AEHF-4 (Atlas V)
17 October 2018
Space Launch Complex 41
Cape Canaveral Air Force Station
A United Launch Alliance Atlas V rocket launched the Advanced Extremely High Frequency (AEHF) 4 communications satellite for the U.S. Air Force on 17 October 2018 at 12:15 a.m. from Space Launch Complex 41 at Cape Canaveral Air Force Station.
A time exposure of the launch looking north over the Indian River Lagoon shows the launch through solid rocket booster separation and booster engine cutoff.
This time exposure looking eastward shows part of the flight of the Centaur second stage until it was lost to view.

From the United Launch Alliance press release about the launch of AEHF-4:

United Launch Alliance (ULA) will use an Atlas V 551 rocket to launch the fourth Advanced Extremely High Frequency (AEHF) communications satellite for the U.S. Air Force from Space Launch Complex-41 at Cape Canaveral Air Force Station, Florida.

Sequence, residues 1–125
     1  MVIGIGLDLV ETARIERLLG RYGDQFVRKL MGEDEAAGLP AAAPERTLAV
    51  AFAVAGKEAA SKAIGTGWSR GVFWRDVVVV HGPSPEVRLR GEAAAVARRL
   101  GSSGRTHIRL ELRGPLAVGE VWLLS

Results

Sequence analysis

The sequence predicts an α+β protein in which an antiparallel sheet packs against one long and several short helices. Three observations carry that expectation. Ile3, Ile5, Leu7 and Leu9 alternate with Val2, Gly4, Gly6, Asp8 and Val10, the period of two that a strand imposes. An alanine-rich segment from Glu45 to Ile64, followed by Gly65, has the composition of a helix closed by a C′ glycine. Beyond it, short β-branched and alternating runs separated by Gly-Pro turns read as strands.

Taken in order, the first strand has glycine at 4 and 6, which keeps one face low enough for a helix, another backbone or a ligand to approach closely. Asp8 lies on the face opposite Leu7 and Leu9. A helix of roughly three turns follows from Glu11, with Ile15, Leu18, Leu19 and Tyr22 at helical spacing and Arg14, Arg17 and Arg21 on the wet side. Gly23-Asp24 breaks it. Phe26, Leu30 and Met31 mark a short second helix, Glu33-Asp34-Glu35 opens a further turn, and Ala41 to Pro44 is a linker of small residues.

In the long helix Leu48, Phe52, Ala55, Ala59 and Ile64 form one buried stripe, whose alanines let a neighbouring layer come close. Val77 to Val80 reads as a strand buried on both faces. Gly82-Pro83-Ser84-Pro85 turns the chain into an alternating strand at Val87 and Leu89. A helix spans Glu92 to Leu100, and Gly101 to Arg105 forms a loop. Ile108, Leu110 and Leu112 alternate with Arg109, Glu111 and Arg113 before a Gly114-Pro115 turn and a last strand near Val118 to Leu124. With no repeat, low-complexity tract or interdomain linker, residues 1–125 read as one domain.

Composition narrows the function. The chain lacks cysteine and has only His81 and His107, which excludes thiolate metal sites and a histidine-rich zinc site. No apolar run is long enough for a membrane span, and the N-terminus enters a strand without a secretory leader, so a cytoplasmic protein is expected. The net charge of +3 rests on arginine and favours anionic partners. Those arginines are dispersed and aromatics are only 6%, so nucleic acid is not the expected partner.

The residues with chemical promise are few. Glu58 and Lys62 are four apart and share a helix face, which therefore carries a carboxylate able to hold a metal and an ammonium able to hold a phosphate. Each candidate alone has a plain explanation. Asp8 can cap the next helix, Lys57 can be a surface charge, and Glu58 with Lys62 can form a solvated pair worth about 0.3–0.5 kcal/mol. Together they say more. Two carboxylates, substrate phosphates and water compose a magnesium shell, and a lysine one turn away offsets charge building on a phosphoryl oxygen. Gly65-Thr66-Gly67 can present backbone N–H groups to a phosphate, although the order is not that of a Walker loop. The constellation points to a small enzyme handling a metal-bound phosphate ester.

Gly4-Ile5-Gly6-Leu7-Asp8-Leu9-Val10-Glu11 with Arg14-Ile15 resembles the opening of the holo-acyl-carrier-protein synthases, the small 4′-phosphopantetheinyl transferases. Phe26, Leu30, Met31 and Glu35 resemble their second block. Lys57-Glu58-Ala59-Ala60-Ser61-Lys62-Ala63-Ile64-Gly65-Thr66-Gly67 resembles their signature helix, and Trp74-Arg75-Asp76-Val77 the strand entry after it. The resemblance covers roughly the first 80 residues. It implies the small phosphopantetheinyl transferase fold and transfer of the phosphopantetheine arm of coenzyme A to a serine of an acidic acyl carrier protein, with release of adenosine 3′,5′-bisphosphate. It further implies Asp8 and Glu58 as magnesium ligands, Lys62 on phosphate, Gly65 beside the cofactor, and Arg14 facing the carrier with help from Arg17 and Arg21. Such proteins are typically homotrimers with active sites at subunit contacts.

The AEHF system, developed by Lockheed Martin, provides vastly improved global, survivable, protected communications capabilities for strategic command and tactical warfighters. This jam-resistant system also serves international partners including Canada, the Netherlands and the United Kingdom.

AEHF-4 will be a protected communications relay to provide the highest levels of information protection to the nation's most critical users. The Lockheed Martin A2100 satellite gives senior leadership a survivable line of communications to military forces in all levels of conflict, including nuclear war. The system features encryption, low probability of intercept and detection, jammer resistance and the ability to penetrate the electromagnetic interference caused by nuclear weapons to route communications, real-time video, maps and targeting data to users on land, at sea or in the air.

The Atlas V 551 rocket will deliver AEHF-4 into an optimized, high-energy geosynchronous transfer orbit. ULA and the AEHF program produced this ascent profile to maximize mission flexibility over the satellite's lifetime.

Atlas V rockets successfully launched the first three AEHF satellites in 2010, 2012 and 2013 as the new constellation was formed in geosynchronous orbit 22,300 miles above Earth to augment and eventually replace the legacy MILSTAR communications satellite fleet. One AEHF satellite has greater capacity than the entire five-satellite MILSTAR constellation.

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